Can I face imprisonment for not paying my payday loans?

UPDATED: Jun 23, 2011

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Can I face imprisonment for not paying my payday loans?

I have 4 payday loans that I am currently trying to pay off but I am having complications doing so. I have obtained all these loans on-line so I know the companies are located in NY. I was wondering if NY state law still applies to them? The companies are harassing me at work and at home; more importantly at work. Additionally they are threatening me with imprisonment. Do I have to worry about jail? I am trying to work out a payment agreement with them but they seem like they don’t want to work with me. What exactly are their rights here? And what are mine?

Asked on June 23, 2011 under Bankruptcy Law, New York


SJZ, Member, New York Bar / FreeAdvice Contributing Attorney

Answered 11 years ago | Contributor

1) Falling on hard times or being unable to repay loans does not, by itself, constitute a crime and will not result in jail time. However, taking out loans under false pretenses or without any intention of repaying them would be a criminal offense (for example, fraud). Thus, the key issues are a) did you intent to repay them or not; and (b) what does the situation look like to outsiders, such as the loan companies or police. That is, if based on the circumstances of how and when you took out the loans, it could reasonable appear that you took them out not intending to repay (for example, knowing that you did not have the income or assets to repay all four loans), which could potentially result in criminal liability.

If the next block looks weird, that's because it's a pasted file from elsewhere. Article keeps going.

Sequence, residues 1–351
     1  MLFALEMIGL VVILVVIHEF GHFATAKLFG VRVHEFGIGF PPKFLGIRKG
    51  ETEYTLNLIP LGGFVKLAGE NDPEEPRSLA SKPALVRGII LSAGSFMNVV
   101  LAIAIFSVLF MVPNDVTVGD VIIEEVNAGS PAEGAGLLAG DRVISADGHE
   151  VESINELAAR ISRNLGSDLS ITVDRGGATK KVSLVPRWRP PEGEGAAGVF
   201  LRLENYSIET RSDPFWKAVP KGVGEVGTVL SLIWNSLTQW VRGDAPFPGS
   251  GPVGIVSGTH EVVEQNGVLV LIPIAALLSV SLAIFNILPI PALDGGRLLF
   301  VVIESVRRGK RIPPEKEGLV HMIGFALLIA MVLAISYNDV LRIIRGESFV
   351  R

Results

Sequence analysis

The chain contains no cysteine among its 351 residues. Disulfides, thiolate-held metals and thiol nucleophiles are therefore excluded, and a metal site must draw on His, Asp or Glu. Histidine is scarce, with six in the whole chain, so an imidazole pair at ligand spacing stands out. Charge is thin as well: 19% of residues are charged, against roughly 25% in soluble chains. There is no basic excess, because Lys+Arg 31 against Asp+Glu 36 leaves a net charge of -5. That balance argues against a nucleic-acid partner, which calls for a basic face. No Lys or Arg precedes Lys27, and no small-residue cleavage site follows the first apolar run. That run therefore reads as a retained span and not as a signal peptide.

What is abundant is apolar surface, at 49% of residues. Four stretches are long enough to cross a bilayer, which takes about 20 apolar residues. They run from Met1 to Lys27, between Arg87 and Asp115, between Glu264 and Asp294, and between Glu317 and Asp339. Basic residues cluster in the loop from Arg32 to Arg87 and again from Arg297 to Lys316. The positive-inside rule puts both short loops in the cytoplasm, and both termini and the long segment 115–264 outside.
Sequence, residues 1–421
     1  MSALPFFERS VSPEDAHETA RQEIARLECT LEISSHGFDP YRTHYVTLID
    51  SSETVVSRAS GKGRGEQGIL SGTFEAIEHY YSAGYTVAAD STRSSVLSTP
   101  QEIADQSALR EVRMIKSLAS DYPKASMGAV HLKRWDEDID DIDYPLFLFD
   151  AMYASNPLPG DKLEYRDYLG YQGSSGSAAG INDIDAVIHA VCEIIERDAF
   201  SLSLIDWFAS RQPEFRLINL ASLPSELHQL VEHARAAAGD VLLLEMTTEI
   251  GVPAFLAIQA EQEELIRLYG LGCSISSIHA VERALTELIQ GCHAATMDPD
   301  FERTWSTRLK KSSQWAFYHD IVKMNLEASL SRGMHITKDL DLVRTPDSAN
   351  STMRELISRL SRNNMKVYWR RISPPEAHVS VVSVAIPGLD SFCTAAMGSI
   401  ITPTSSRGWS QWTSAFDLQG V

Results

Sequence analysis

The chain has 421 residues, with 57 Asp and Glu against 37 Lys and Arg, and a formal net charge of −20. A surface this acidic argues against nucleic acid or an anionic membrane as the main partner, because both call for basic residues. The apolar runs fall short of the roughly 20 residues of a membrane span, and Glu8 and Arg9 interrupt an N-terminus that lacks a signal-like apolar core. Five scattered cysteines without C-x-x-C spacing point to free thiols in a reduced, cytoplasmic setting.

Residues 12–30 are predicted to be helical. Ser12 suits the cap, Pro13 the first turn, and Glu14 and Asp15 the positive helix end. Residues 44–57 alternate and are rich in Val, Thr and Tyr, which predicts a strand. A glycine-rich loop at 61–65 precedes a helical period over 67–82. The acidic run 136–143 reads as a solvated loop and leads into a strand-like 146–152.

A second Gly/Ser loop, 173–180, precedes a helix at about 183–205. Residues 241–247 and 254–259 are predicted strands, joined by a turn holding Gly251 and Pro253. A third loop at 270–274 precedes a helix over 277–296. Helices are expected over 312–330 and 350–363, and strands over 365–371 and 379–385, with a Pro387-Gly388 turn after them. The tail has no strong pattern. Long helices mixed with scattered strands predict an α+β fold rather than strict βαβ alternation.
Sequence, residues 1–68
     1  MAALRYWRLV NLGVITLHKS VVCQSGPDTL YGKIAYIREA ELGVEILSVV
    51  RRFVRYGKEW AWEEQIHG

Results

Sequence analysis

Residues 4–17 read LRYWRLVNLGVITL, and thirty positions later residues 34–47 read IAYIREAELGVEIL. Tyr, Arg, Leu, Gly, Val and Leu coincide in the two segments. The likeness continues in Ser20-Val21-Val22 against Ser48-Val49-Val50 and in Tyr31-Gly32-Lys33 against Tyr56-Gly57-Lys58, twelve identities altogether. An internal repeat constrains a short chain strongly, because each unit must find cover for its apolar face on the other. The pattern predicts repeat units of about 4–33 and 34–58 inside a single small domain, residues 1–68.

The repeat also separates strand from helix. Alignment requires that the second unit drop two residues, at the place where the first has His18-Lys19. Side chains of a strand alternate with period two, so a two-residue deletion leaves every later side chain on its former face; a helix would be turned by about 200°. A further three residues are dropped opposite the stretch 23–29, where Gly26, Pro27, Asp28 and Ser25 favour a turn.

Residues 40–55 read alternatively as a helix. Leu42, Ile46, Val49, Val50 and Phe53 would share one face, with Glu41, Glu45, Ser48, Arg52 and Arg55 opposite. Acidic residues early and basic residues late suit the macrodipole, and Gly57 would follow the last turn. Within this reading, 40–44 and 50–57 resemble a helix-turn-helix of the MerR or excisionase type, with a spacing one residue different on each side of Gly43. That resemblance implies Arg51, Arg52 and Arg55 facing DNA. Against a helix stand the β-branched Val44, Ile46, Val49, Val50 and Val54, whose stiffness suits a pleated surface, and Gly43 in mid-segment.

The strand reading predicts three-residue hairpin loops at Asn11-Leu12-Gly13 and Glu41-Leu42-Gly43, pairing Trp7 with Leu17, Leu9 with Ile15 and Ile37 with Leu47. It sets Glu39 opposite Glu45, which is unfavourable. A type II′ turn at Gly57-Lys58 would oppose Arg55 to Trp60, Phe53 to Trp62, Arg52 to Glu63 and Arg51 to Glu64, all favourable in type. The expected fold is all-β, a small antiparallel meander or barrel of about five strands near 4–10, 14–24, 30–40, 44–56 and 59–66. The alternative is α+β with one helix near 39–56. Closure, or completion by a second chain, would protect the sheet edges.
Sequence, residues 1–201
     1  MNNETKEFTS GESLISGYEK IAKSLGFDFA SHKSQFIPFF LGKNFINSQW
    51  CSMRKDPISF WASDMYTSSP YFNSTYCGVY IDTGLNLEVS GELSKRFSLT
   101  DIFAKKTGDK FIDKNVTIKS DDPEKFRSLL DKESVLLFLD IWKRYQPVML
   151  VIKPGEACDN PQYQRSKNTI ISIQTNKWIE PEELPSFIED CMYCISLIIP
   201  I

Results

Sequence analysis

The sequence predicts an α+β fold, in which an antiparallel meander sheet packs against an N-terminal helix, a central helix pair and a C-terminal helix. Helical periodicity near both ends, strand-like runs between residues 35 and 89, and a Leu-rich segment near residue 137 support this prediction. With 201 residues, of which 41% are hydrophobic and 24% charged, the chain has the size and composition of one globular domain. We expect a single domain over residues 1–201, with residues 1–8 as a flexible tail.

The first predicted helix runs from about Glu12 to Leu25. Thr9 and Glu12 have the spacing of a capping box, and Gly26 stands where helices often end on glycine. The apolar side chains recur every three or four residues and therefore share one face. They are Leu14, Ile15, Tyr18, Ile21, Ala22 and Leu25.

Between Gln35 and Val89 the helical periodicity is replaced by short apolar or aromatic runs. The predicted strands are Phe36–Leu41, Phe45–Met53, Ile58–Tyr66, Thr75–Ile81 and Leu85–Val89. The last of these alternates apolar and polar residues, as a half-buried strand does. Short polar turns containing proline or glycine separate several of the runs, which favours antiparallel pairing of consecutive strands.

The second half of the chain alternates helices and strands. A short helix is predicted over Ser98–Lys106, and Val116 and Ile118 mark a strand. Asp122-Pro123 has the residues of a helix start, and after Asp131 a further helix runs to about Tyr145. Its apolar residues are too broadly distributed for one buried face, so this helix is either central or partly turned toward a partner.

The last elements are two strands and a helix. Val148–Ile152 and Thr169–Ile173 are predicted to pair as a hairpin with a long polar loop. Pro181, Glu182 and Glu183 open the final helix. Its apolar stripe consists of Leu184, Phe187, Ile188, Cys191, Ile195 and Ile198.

2) Creditors do not need to agree to a payment plan; they have the right to insist on payment in full when due. If the debtor does not pay the creditor(s), the creditor(s) could sue; if they sue and win and the debtor still doesn't pay, the creditor(s) could look to collect by putting a lien on property, garnishing a bank account or wages, etc.

IMPORTANT NOTICE: The Answer(s) provided above are for general information only. The attorney providing the answer was not serving as the attorney for the person submitting the question or in any attorney-client relationship with such person. Laws may vary from state to state, and sometimes change. Tiny variations in the facts, or a fact not set forth in a question, often can change a legal outcome or an attorney's conclusion. Although has verified the attorney was admitted to practice law in at least one jurisdiction, he or she may not be authorized to practice law in the jurisdiction referred to in the question, nor is he or she necessarily experienced in the area of the law involved. Unlike the information in the Answer(s) above, upon which you should NOT rely, for personal advice you can rely upon we suggest you retain an attorney to represent you.

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